Horsepower is often the first figure people throw out in bench-racing sessions, but is it really the best way to measure a car’s power output? Jason Fenske at *Engineering Explained* doesn’t think so.

As a quick refresher, power is defined here as work over time which, for cars, the amount of force needed to propel a car a given distance, divided by the time it takes to cover that distance.

Horsepower was devised by James Watt, inventor of the practical steam engine. Knowing his engine would primarily compete against horses, Watt came up with a way to compare the power output of machine and animal. This would show that the steam engine could do the work of multiple horses.

How Watt defined horsepower is disputed, but it’s thought Watt based it on a horse turning a mill. The measurement is based on the horse walking a 12-foot diameter circle to turn a shaft, and exerting 180 pounds of force on that shaft. But these figures are arbitrary. Horses don’t all have identical strength, after all, and it seems Watt rounded up the amount of force in his writings, Fenske noted. Bottom line, one horsepower equals one horse lifting 550 pounds one foot in one second.

Horsepower is also measured differently on the United States and metric systems. Metric horsepower (often abbreviated as PS or CV), uses metric units of measurement, meaning kilograms instead of pounds, and meters instead of feet. That means 1 metric horsepower is only equal to 98.6% of 1 U.S. horsepower.

It’s also why European supercars sometimes have confusing names. The McLaren 765LT, for example, is named for its output in metric horsepower. In the U.S. system, it’s rated at 755 horsepower.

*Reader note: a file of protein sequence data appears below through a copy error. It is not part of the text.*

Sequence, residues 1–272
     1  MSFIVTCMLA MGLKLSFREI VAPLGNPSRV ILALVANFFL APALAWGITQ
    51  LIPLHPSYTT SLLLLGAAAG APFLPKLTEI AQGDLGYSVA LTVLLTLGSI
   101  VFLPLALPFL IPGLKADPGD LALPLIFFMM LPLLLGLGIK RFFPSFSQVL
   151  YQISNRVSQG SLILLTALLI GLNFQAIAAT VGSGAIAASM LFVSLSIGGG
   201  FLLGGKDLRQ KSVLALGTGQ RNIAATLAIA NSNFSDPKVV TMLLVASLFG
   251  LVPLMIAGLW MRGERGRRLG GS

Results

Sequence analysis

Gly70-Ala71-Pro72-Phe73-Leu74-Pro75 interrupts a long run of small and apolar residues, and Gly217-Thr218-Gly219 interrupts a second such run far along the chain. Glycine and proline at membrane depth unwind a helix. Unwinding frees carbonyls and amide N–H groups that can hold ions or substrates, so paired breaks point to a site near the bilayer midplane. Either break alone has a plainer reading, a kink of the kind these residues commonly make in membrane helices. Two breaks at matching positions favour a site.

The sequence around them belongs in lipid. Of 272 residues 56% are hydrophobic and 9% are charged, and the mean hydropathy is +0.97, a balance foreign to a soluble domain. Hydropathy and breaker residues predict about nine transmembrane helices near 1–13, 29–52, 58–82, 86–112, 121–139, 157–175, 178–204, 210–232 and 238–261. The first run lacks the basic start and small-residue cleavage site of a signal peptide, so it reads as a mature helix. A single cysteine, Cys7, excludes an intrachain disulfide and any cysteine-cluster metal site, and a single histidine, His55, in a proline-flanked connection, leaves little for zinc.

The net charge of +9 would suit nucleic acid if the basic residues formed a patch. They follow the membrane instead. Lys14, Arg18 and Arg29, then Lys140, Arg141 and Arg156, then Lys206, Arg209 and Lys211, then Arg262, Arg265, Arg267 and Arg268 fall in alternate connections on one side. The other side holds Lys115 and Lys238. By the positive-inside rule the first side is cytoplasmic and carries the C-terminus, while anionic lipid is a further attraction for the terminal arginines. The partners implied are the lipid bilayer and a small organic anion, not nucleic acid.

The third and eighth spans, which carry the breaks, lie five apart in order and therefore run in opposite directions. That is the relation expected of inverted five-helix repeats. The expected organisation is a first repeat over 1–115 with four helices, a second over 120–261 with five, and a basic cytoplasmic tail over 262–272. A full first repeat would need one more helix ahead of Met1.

Is there an alternative to horsepower? Fenske suggests the Watt (named after James Watt, after his death) because it’s divisible by one and thus much easier to work with. Some automakers already list power output in kilowatts (1,000 watts) alongside horsepower, and it’s becoming more relevant for electric cars.

What do you think? Is it time for a change, or should the auto industry stick with horsepower?

Click on the video above for a deeper dive into the definition of horsepower.

*This article was originally published by Motor Authority, an editorial partner of ClassicCars.com.*

The question should be “Should the AMERICAN auto industry stick.to horsepower?”

The rest of the world has been using the much more easily understood metric system for years. It’s time USA caught up.

Torque gets you going, horsepower keeps you going.

Yea that’s the general rule however measuring torque is even more vague than measuing horsepower. And once you correctly arrive at horsepower and torque numbers as we all know their isnt a direct correlation to vehicle quickness or top speed.

Yes, let’s hear it for torque & watts. Not ready for Newton/meters just yet!

Not that I have the math skills to calculate the formulas anyway but I prefer to stay with horsepower. It’s what I know and I’m familiar with.

Here’s the thing, you can claim it is a dumb metric yet it is a widely accepted metric. While horsepower will never completely measure a cars speed, output or efficiency it can give a general idea of what to or what you should expect. Knowing that a Honda Civic puts out 200 hp and a Camaro ZL1 puts out 650 hp can give you a pretty good idea of maybe just how much faster the Camaro is going to be. Only metric better is the far more fun in the seat of the pants feel.

Horsepower IS dumb as it is only obtained at maximum revs, and how often does the average car run like that? It’s torque that get you there i.e. acceleration, which we all use all the time. Horsepower is irrelevant if it takes an age to get there.

A long time ago I read (from memory), that oversteer is when the rear of the car hits the wall, understeer is when the front hits the wall, horsepower is how hard you hit the wall, and torque is how far you move the wall.